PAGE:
Richard Vaughn is a parent via surrogacy and egg donation and is the founding principal of International Fertility Law Group, a law practice focused exclusively on assisted reproductive technologies (ART). He also Chaired the American Bar Association ART Committee from 2013-2018, developing education for ART attorneys, model legislation for governance of U.S. ART providers, and guidelines for international surrogacy, parentage and citizenship rights. He contributes his time, expertise and leadership abilities in supporting ART advocacy organizations, including ASRM, and the Family Equality Council. He has presented at numerous legal and family-building conferences around the world, on television and radio shows, and in addition to a published book on developing an ART law practice, he has been published in numerous professional journals.
Kelly Fritz, MSN, CNM
I grew up loving moms, babies and birth, with our horses and dogs and our neighbors’ farm animals. I began caring for human moms and babies in 1985, as a nurse working in Postpartum and Well-Baby Nursery. I loved it and wanted to learn more! I became a childbirth educator and helped in our Labor & Delivery unit and with the growers/feeders in our Intensive Care Nursery.
After my first child was born (and I knew every word to every Mr. Rogers song!), I started working on my Master’s in Nursing, to become a Clinical Nurse Specialist in 1994. During those studies, I had two more children. Focusing on Women’s Health and Community Health, I believed that Women’s Health is best served in a wellness focused setting and began working in a freestanding birth center with nurse-midwives, where I found my calling.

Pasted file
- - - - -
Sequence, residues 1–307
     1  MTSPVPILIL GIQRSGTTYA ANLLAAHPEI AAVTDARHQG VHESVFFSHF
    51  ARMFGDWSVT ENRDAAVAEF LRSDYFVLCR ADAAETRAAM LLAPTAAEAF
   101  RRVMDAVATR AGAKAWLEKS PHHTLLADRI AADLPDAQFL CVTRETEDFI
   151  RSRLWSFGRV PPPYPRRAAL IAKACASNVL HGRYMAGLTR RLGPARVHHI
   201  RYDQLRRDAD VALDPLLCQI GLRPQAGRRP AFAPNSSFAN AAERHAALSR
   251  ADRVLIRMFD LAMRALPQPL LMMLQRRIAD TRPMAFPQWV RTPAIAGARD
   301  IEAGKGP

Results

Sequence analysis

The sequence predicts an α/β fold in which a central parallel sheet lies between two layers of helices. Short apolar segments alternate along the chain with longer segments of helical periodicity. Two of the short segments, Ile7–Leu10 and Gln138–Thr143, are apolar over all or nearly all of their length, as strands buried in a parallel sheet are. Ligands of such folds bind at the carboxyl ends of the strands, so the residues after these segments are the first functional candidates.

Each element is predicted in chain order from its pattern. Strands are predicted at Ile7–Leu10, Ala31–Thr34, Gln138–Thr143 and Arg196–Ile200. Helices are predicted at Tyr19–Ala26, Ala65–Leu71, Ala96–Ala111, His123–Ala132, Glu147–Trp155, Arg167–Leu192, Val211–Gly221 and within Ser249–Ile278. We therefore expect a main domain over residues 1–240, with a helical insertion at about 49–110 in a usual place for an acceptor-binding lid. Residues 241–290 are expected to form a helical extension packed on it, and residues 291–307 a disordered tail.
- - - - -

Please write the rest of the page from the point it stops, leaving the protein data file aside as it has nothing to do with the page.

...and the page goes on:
When my local university started a Nurse-Midwifery Education program, I joined the second class. I became a Certified Nurse-Midwife in 2002, incorporating all the knowledge and skills of a nurse and educator with midwifery. I love the relationships, education and support that midwives have with their clients. The birth of a baby is amazing, and the birth of a mother is even more amazing.
Having been fortunate to have been well supported by my own mother and family, along with amazing mentors, and knowing the value of support and education during pregnancy, birth and postpartum, I simply want to pay it forward to the next generation of moms and midwives. And, I just became a first-time grandma!
Susan Cohen, MSN, CNM
Susan Murphy Cohen became a nurse in 1980 and a certified nurse midwife in 2003.
For the past 35+ years, she has been a caring advocate for women across many disciplines, including women’s cancer, fertility, menopausal transition and birth work.
She is currently working as an advanced practice nurse specializing in women’s cancer in Jupiter, FL.
She is a member of ACNM, North American Menopause Society and the International Society for Sexual Medicine.
Susan is mother to three daughters and a grandma to four beautiful babies.
She is honored to be invited to share accumulated wisdom and insight in the service of women during the first six weeks after birth.
In 2015, Casey Cattell not only became a first-time mother, but she also became one of the 50,000 new faces added to the maternal health crisis in the United States that year. Prior to her son’s birth, she worked as a biotech scientist for two Fortune 500 companies, but her personal tragedy and the challenging recovery led her to patient advocacy. As a writer and speaker, Casey passionately shares her experience to raise public awareness of maternal health issues and illuminate the long-lasting effects from surviving a maternal near-miss. She is an Ambassador with Heroes For Moms (link: www.heroesformoms.com), a national organization focused on saving the lives of mothers through blood drives and advocacy, and serves as co-coordinator for the peer-to-peer support group, Maternal Near-Miss Survivors (link: www.facebook.com/groups/maternalnearmiss). Casey also blogs about her near-misses and the aftermath at The Heart Of Home (link: www.theheartofhome.net).